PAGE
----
Discussion in 'Archive: SF&F: Books and Comics' started by Juliet316
, Jan 4, 2006.
Thanks, I'll look into them.
Hey, is anyone else reading the Crucible books? I just read The Fire and the Rose yesterday and I thought it was... odd, to say the least. The McCoy book was also really different. I'd really like to know what other people thought of these books.
I'm reading the McCoy one now, I'll share my thoughts when I'm done (interesting thus far) haven't picked up the other too yet.
Has anyone here read the book "Engines of Destiny"? Now, normally, I avoid pretty much all Trek novels since they're not canon, but this one seems to have just a very interesting premise that dosn't seem like it could ever be contradicted (given the alternate-universe aspect of the story), which increases it reading value ever so slightly.
Just sounds very interesting, so I'm curious, to those who have read it, how is it? Might break my usualy rule and pick it up. I rather like how the premise apparently ties generations and First Contact together- it at least shows there was some greater significance to Kirk's death so far as subsequent cause-and-effect aspects of Picard's involvement go. It's something I hadn't really thought of before. Adds a nice layer to things.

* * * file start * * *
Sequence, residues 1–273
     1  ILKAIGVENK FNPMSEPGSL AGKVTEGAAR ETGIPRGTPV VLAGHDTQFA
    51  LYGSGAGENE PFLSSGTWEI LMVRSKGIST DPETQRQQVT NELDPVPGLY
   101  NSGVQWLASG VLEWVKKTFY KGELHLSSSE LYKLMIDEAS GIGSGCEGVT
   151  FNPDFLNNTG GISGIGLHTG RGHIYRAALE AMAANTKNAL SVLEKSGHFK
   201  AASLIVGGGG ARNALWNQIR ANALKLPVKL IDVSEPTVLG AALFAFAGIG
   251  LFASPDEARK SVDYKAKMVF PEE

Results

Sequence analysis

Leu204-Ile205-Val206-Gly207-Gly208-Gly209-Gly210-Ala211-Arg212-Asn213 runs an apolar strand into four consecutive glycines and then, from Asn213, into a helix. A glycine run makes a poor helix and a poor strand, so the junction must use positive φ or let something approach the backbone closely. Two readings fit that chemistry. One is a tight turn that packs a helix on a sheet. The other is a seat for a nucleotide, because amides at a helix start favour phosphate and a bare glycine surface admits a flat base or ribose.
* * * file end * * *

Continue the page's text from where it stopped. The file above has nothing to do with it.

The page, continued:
My personal favorite "Next Gen" novel was the one that postulates that Trelayne (the "Squire of Gothos") is actually a youngster from the Q continuum. The story goes along on three seperate "Alternate Universe" tracks:
1) "Normal" track, with Captain Picard & crew.
2) The Enterprise-D, commanded by Captain Crusher and Commander Picard is on her way to Farpoint Station. Jack & Beverly divorced after the death of young Wesley Jack Crusher and Picard served together aboard the Stargazer, and Jack's career star rose after he saved the Stargazer with the "Crusher Maneuver." They pick up Dr. Crusher, and a newly-rescued Lt. Cmmdr. Riker.
3) "Yesterday's Enterprise"
Over the course of the story, the "tracks" begin to intersect. The chapter that involves Wesley unknowingly bouncing across the tracks is comedy gold!
^^ That would be Q-Squared.
I've also never read Engines of Destiny either. But I have heard that it's a pretty good book.
I am reading the invasion series at the moment. My favorite book so far has been Enterprise Daedalus part 1...
I really enjoyed the DS9 invasion book.
It's been a long time since I've read a Trek novel! I remember I generally enjoyed the Peter David books most -- Imzadi, Vendetta, Q-Squared. I also enjoyed The 34th Rule and A Stitch in Time.
I remember a lot of Trek books pissed me off out of sheer sloppiness -- a red shirt would die, and then be back again a few chapters later, stuff like that.